HC Deb 23 May 1978 vol 950 cc460-2W
29. Mr. Michael Marshall

asked the Secretary of State for Defence what is the current cost of training a Royal Air Force pilot.

Mr. Wellbeloved

The cost of flying training varies with the aircraft and role concerned. The training of a fast jet pilot is the most expensive. The cost for this up to "wings" standard—the end of advanced flying training—is about £350,000. Before joining his first squadron, the fast jet pilot will then undertake tactical weapon and operational conversion training, so that the final cost will be in the region of £1 million.

Cost for multi-engine and helicopter training are less: about £120,000 and £160,000 respectively to "wings" standard. Pilot costs thereafter are difficult to assess since operational conversion training is given for the whole crew.

These figures are derived from cost accounting records and include, for the appropriate training stations concerned, personnel costs including administrative support, accommodation and office overhead costs, equipment support costs and depreciation costs for capital works and equipment. The effects of wastage at each subsequent stage of training are taken into account but no allowance is made for personnel transferred into other branches or restreamed to other flying duties such as helicopter flying. Costs quoted are therefore the average per successful pilot at 1977–78 prices; they do not indicate the marginal cost of training an individual pilot or the savings that would accrue if fewer pilots were trained.

34. Mr. Bean

asked the Secretary of State for Defence if he is satisfied with the number of Royal Air Force pilots and other aircrew completing their training; what is the percentage failure rate; and if he will make a statement.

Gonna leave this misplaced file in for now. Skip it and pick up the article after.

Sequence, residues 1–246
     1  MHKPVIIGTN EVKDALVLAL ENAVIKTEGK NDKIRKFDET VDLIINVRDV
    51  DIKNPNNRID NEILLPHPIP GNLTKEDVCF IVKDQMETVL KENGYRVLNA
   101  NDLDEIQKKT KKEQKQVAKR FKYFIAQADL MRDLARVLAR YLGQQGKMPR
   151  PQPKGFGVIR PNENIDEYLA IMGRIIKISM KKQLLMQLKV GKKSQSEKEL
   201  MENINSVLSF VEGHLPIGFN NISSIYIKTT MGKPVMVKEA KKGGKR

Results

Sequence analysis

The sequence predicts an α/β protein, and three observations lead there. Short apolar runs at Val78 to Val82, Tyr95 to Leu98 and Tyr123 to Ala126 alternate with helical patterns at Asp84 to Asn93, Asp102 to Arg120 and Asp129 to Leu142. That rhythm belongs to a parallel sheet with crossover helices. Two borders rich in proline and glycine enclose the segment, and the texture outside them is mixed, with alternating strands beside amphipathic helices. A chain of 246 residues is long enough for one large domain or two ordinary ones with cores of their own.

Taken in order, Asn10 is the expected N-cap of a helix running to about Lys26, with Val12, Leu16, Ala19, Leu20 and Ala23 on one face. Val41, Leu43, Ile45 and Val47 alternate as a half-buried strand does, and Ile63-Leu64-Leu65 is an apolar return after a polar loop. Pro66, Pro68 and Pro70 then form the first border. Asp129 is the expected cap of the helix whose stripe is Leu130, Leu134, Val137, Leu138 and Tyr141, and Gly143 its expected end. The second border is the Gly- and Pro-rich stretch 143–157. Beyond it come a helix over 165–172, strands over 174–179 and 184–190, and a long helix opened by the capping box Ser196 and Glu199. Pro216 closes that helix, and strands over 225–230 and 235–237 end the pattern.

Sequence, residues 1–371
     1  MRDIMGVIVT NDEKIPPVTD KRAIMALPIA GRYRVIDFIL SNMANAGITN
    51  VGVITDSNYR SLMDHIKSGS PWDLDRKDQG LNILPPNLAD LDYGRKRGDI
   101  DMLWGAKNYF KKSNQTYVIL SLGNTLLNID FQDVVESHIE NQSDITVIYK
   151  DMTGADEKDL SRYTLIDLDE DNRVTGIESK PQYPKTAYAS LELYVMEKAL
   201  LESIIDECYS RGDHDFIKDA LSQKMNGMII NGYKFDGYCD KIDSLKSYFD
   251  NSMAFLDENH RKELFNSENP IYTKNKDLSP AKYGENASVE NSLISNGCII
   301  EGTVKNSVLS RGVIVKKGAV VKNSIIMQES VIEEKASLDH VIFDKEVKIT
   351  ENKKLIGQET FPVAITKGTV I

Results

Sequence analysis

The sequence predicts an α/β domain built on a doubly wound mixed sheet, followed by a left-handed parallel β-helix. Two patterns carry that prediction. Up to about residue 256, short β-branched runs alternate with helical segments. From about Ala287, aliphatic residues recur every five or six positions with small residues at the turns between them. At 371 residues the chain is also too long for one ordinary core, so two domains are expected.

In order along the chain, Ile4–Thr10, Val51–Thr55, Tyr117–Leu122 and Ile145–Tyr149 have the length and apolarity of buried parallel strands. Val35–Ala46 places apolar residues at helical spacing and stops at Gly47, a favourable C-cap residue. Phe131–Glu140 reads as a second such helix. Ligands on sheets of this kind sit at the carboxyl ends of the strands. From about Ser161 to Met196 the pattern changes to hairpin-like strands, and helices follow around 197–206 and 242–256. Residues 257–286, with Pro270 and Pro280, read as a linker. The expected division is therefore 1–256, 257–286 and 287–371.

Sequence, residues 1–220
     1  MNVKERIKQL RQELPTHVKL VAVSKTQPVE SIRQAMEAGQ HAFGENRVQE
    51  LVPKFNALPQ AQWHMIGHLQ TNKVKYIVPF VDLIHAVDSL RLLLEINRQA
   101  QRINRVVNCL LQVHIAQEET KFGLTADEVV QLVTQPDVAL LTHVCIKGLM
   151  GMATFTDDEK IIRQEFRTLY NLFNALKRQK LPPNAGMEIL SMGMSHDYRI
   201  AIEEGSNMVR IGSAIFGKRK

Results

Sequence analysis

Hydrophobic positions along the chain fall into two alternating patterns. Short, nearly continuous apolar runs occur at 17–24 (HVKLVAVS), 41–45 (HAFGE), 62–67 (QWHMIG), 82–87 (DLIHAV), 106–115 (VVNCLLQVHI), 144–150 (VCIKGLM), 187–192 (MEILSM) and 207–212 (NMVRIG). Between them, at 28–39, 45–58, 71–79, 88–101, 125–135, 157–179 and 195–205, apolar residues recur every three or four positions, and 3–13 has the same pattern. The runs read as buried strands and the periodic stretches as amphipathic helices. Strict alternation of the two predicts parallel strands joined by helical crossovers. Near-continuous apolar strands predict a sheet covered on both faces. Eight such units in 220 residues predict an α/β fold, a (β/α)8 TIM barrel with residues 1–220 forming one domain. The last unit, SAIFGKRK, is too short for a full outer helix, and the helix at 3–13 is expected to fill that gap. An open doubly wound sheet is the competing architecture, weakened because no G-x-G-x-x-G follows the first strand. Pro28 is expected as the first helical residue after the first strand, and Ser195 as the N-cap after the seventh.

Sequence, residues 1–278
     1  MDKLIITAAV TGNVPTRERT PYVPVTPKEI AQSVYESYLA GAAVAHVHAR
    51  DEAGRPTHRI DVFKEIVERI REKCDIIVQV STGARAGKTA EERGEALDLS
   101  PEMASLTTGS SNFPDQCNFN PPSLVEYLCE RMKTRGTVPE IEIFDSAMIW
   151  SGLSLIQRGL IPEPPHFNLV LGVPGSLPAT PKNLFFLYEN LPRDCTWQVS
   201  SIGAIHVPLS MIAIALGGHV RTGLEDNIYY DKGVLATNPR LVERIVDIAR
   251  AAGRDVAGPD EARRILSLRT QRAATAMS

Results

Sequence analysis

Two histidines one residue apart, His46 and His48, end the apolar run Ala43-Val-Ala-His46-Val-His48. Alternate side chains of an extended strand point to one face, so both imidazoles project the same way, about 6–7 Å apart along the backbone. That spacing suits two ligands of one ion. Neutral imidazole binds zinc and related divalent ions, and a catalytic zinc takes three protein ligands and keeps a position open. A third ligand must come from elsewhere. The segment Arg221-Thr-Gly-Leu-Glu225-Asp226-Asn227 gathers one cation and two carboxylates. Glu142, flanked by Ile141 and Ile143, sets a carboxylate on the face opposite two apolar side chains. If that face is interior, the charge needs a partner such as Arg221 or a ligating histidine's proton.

Mr. Wellbeloved

The current rate of training succes for aircrew is unsatisfactory. Less than half of those who begin training as pilots become fully qualified. A number of studies are being conducted in an endeavour to overcome this problem. For example, we are seeking improvements in our selection methods, including those for assessing perceptual motor skills and personal qualities. The value of a preliminary flying phase to identify pilot aptitude is being assessed and increases in flying hours during training have been introduced.

Failure rates vary according to aircraft type and role. About half of those who enter pilot training become fully qualified pilots. A number of the remainder will either become navigators or transfer to another branch.

The wastage rate for navigators is about 40 per cent. and for aircrew other than pilots and navigators between 5 per cent. and 20 per cent.

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